Ride log 12, Texas Day 11

Current Location:  Torrey, UT
Distance from home:  around 1,060
Distance from Lubbock:  832 miles
Food situation:  Dismal.

I stopped in Torrey, UT out of pure desperation (I'm tired!).  I've been on the road for about 12 hours, although probably only on the bike for about 10.5 after my many stops for photo ops and to buy a cowboy hat for a friend.  Skipped lunch today since I kept waiting for something to peak my interest...apparently after gorging myself this last weekend in Texas a burrito from the gas station was sufficient.  I'm at the Days Inn which was about 90 buckaroos for the night (a discounted price and the last room left).  I passed up camping despite the good views because I'm a chicken but also because I had no water.  I filled up my camelback in Albuquerque and sucked it dry about 100 miles ago.  Moto mojo is turning black again.

My mojo was bad starting this morning at the hotel when I went down for breakfast around 6 am only to find a couple empty nesters hogging the waffle maker.  I mean, really, do you need to stuff five waffles in your face while people are waiting?  And guess what?  Only white bread.  Who eats white bread anymore?  I ate a half a bowl of raisin bran and hit the road, ready to swear off hotels and free breakfast. (I like how I'm disgruntled about a free service. I'm such an ungrateful Dork.)

From Albuquerque, NM I stayed on Interstate 40 to Gallup which was about 120 miles of traffic and annoying drivers.  I had decided to keep to Interstates when I set off this morning then after about ten minutes actually on the Interstate I decided back roads, despite the fact that they take longer, would be more appealing.  In Gallup I bought a cowboy hat and then lost my bike keys.  (It's scary that I just KNEW that would happen at least once on the trip so I had a spare.)  I ended up finding them after about 15 minutes of searching.  I then went to the post office to mail the hat.  They wanted my first born child and my dog for shipping costs.  I thought the dog was excessive so I ended up strapping the hat to the back of the bike.  I look totally cool now.  (It's going to be THE thing to do in a few months, you mark my words.)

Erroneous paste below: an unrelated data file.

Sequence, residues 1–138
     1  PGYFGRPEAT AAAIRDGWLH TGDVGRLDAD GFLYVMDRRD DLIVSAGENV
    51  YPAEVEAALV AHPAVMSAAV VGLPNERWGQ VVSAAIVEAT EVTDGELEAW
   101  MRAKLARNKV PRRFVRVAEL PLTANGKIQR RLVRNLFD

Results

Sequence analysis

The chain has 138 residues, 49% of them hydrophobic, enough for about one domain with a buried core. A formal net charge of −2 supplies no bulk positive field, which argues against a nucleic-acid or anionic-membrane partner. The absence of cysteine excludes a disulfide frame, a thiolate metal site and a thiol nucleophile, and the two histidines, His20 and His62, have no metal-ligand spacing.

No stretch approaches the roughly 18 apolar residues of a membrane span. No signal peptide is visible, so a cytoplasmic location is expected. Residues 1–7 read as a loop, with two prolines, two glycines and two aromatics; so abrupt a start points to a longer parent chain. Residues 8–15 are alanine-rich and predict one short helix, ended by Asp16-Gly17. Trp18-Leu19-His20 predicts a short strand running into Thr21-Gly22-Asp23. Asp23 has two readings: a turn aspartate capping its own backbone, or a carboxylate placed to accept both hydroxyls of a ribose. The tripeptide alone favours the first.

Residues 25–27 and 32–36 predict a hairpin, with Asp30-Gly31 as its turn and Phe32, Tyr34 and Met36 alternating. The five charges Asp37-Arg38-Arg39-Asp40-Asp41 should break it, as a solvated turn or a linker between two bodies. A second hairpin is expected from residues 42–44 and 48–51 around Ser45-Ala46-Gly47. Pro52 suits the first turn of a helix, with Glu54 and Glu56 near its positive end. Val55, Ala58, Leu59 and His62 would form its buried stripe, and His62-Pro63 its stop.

Road construction plagued my route (491 N to Shiprock) and made for delays about every fifty miles.  Of course, once I got going I was stuck behind a line of cars and missing some good curves.  From Shiprock I went into Colorado then backtracked on Highway 60 to ensure I hit Four Corners, where Colorado, Arizona, New Mexico and Utah all meet at the, duh, corners.  I thought it would be cool to say I was in all the places at once.  In reality it was just an extra 30 minutes out of my way.  But gee, I can mark that off my bucket list now.  (And that's what life is all about, right?)


From Four Corners I took a small route (41, which turns into 62) which was actually quite nice.  Lots of turns and twists.  I ended up near Blanding, UT and veered onto Highway 95 toward Natural Bridges National Monument and Glen Canyon National Recreation Area.

Glen Canyon, Utah
I'm going to share a secret with ya'll.  The Glen Canyon area is the prettiest, most spectacular thing I've seen thus far (and it feels like I've been to hell and back).  I found myself at a loss for words after using my quota of "holy shit" and "wow".  I eventually reasoned with myself that if there ever was such a thing as "God's Country,"  Utah would be it.  The sheer cliffs and columns were borne to perfection by the wind and rain.  The colors were spectacular and varied,  the views breathtaking.  In sections it was as if someone had built a Lego mound and pushed it down. The rock was flat and square.   There were big pieces and little pieces.  Other areas had round rocks that made me think of giant chocolate marsh mellows (I have a food fascination).   It was amazing.  Simply amazing.  Other locations appeared like chocolate frosting, whipped smooth and fine.   I imagined the smooth parts were giant's bellies and if I looked closely enough I would occasionally see faces or hands built into the rock. (Of course that could be in part to my overactive imagination.)  Ya'll can have Zion (which I thought was remarkable) and Moab and all the others.  I'll take Glen Canyon.

I do not kid when I say just when you thought it couldn't get any better, it did.  I think the most mind blowing thing was all that beauty and the dryness then turning the corner and seeing the Colorado River flowing through it.  I hope one day you all get to view such a place.

Glen Canyon with the Colorado River 
After riding to the edge of the Glen Canyon area I was in no rush to move quickly.  I wanted the memories to last and twisting the throttle seemed like pushing them away.  Finally I sucked it up and moved along...toward Capital Reef National Park.  Oh, and trust me when I tell you that this is also one stretch of road you do not want to miss.  It was curvy and twisty and most assuredly helped to make this day of riding the best one yet.

I'm hoping to be in Bend/LaPine, OR by Friday and frankly I'm getting frustrated that I've traveled so far and don't seem any closer to the end.  Today's beauty make up for it but still I'm ready for my bed and to see my Trout again.  I'm debating on heading straight for Twin Falls, ID (430 miles on the interstate) or monkeying around with different, smaller roads which will increase my miles and time.  I guess I've nothing but time.  And after all, this is God's Country, remember?


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